Nature Reserve of Saint Bartholomew
|Nature Reserve of Saint Bartholomew|
|Réserve Naturelle de Saint-Barthélemy|
Areas within Nature Reserve of Saint Bartholomew are shaded purple.
|Area||1,200 ha (3,000 acres)|
|Governing body||Grenat Association|
Founded in 1996, it covers 1,200 hectares in five sectors: Gros Îlets and Pain de Sucre off Gustavia harbour; the waters surrounding the islets Fourchue, Frégate and Île Toc Vers; and part of Colombier bay. Protected marine areas of the reserve are demarcated on nautical charts of the region. The management of the reserve rests with the Grenat Association. It was established in 1996 with the objective of conserving coral reefs, sea grass beds and the marine life. The reserve has coral formations in an area of 275 hectares (680 acres).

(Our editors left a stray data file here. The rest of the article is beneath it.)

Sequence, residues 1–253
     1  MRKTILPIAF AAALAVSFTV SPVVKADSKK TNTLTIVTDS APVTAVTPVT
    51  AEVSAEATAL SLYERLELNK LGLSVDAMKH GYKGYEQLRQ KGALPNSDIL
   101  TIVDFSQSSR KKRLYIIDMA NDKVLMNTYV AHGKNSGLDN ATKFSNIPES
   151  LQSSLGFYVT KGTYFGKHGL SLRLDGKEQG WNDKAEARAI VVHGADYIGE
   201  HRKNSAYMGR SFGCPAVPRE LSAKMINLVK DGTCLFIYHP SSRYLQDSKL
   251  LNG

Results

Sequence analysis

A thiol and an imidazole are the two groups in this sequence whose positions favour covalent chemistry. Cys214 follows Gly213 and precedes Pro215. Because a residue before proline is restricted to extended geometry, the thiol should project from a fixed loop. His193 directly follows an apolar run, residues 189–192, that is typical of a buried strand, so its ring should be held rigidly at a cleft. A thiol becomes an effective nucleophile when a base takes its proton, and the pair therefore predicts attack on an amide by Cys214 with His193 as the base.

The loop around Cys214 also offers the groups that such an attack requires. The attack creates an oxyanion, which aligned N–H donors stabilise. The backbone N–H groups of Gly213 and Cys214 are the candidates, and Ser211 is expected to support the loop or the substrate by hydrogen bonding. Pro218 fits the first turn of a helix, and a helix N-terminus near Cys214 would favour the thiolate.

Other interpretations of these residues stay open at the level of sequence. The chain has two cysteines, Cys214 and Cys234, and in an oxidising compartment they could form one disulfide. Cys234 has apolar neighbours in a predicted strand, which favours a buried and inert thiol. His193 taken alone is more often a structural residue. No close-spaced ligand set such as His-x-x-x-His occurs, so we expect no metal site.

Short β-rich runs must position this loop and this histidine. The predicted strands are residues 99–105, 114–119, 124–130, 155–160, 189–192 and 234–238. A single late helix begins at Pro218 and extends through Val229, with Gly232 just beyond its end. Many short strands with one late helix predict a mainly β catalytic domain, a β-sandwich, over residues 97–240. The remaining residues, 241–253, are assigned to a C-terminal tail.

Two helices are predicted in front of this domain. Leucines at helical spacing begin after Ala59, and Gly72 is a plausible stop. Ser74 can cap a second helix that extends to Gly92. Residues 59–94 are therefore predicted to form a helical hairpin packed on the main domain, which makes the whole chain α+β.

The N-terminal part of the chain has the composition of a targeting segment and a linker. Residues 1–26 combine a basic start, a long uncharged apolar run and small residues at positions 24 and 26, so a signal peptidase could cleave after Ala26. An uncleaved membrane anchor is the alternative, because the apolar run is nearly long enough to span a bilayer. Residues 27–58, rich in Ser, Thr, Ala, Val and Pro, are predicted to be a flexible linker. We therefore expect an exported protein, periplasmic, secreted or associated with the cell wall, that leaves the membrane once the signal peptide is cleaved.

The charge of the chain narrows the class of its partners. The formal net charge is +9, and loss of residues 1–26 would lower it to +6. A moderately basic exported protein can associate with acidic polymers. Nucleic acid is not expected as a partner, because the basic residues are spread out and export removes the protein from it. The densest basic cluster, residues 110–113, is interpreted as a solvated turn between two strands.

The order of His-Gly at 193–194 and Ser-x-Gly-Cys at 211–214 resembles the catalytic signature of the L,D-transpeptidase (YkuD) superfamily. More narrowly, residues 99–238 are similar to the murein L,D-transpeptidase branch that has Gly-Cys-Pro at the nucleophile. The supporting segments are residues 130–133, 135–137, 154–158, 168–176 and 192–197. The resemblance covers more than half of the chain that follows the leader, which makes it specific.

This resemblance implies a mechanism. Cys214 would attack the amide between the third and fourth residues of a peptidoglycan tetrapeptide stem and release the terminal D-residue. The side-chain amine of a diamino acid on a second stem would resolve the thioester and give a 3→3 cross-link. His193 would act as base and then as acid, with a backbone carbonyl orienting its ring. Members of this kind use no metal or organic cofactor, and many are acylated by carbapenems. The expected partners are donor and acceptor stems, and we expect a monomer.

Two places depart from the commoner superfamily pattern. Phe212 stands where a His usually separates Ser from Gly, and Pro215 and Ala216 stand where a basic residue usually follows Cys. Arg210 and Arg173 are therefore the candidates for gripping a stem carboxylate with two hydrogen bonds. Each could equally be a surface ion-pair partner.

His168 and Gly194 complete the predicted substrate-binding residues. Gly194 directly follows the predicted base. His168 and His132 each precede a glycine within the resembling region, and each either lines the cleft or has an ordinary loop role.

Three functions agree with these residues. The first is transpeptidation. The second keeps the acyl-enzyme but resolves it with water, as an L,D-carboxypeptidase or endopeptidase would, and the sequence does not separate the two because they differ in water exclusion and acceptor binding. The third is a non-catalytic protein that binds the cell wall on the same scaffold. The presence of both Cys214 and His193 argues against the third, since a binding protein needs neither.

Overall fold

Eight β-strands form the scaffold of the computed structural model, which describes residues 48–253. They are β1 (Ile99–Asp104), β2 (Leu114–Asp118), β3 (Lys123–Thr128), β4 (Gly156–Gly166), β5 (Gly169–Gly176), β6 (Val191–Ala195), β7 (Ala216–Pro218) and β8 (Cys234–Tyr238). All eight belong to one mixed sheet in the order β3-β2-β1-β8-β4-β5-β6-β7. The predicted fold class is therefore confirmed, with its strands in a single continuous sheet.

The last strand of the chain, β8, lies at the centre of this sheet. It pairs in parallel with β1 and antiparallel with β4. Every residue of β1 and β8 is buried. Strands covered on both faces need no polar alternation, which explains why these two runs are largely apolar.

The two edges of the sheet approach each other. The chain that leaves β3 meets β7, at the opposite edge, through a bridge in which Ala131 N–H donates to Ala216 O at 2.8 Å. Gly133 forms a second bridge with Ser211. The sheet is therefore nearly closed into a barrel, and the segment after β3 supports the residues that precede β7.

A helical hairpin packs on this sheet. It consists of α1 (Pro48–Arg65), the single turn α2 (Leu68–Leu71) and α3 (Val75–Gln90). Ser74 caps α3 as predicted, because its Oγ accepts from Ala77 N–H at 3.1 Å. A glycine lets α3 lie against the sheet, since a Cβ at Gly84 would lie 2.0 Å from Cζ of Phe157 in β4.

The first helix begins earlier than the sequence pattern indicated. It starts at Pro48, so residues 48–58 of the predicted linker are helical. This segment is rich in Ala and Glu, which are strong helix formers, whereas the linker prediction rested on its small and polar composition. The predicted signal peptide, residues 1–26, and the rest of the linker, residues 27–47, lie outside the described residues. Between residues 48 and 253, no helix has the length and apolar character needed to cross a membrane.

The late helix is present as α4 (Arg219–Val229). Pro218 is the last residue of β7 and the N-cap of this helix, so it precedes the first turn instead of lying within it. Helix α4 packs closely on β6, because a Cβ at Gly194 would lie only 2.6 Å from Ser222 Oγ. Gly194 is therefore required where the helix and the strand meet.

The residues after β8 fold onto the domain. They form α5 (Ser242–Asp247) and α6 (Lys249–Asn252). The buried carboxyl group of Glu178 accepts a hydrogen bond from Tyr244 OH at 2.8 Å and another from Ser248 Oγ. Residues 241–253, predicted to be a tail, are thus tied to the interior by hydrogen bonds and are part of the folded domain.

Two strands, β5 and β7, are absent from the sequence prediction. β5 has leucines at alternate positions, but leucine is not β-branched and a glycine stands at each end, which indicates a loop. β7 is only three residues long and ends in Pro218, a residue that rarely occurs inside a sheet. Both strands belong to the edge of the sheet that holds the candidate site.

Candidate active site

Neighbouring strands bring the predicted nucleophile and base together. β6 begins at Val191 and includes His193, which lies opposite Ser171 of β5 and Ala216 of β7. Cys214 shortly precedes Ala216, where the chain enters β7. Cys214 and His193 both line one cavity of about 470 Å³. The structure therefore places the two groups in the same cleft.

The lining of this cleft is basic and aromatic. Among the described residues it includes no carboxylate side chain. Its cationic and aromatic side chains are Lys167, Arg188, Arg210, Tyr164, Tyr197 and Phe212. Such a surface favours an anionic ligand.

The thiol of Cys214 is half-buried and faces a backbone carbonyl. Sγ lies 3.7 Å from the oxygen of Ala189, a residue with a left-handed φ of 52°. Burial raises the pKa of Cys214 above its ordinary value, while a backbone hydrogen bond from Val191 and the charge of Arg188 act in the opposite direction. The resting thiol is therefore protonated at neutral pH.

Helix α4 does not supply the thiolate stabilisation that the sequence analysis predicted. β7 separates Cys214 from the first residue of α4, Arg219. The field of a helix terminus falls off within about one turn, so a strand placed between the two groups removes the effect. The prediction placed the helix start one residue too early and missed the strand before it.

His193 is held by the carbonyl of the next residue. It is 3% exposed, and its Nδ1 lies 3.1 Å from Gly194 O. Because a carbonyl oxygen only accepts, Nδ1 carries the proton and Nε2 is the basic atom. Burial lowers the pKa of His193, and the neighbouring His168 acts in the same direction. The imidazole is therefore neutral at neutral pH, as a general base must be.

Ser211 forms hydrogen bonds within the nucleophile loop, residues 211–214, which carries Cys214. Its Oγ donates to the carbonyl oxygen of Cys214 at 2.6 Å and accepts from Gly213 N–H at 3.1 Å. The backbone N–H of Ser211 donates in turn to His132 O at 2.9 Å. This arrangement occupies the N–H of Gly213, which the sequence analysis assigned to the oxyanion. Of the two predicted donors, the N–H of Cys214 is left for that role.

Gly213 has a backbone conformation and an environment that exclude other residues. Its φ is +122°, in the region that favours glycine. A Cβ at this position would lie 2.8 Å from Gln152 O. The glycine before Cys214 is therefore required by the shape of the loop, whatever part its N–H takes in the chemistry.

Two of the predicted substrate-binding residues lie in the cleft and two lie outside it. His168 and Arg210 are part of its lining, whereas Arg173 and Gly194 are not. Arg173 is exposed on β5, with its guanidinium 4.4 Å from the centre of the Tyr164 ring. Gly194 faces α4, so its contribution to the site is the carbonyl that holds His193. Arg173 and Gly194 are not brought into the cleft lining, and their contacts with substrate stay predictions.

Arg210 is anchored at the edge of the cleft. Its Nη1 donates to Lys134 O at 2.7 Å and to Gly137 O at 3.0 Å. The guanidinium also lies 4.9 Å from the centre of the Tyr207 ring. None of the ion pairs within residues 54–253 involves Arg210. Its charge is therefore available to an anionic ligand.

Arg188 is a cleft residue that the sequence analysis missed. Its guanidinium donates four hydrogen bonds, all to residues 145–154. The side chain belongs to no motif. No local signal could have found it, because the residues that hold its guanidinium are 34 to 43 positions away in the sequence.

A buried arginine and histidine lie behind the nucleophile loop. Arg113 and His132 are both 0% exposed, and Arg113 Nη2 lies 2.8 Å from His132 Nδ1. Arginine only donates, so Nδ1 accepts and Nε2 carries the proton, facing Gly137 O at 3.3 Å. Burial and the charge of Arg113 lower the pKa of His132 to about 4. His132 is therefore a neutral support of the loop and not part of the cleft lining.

45 coral species are recorded, apart from Ascidiacea, sea sponges and anemones. Sea urchins, starfish, shellfish, crustaceans, a few sea turtles and 165 species of fish are also reported. An invasive species of fish found in this reserve is the lion fish, which is poisonous and has a dangerous bite. The reserve is the habitat of 80 species of birds. The land area is small and its xerophytic vegetation is grazed by goats, causing loss of nestling ground for 15 terrestrial birds. Six species of water birds have also been recorded in the ponds of the island. The bird population witnesses a boost during the winter when a large number of Neotropical migrant birds flock the area. Within the reserve three bird areas have been identified by BirdLife International, which cover an area of 1,050 hectares (2,600 acres), apart from 0.4% of the land area of Saint Barthélemy. The key bird species recorded here are: brown booby (Sula leucogaster); laughing gull (Leucophaeus atricilla); royal tern (Thalasseus maximus); and common tern (Sterna hirundo).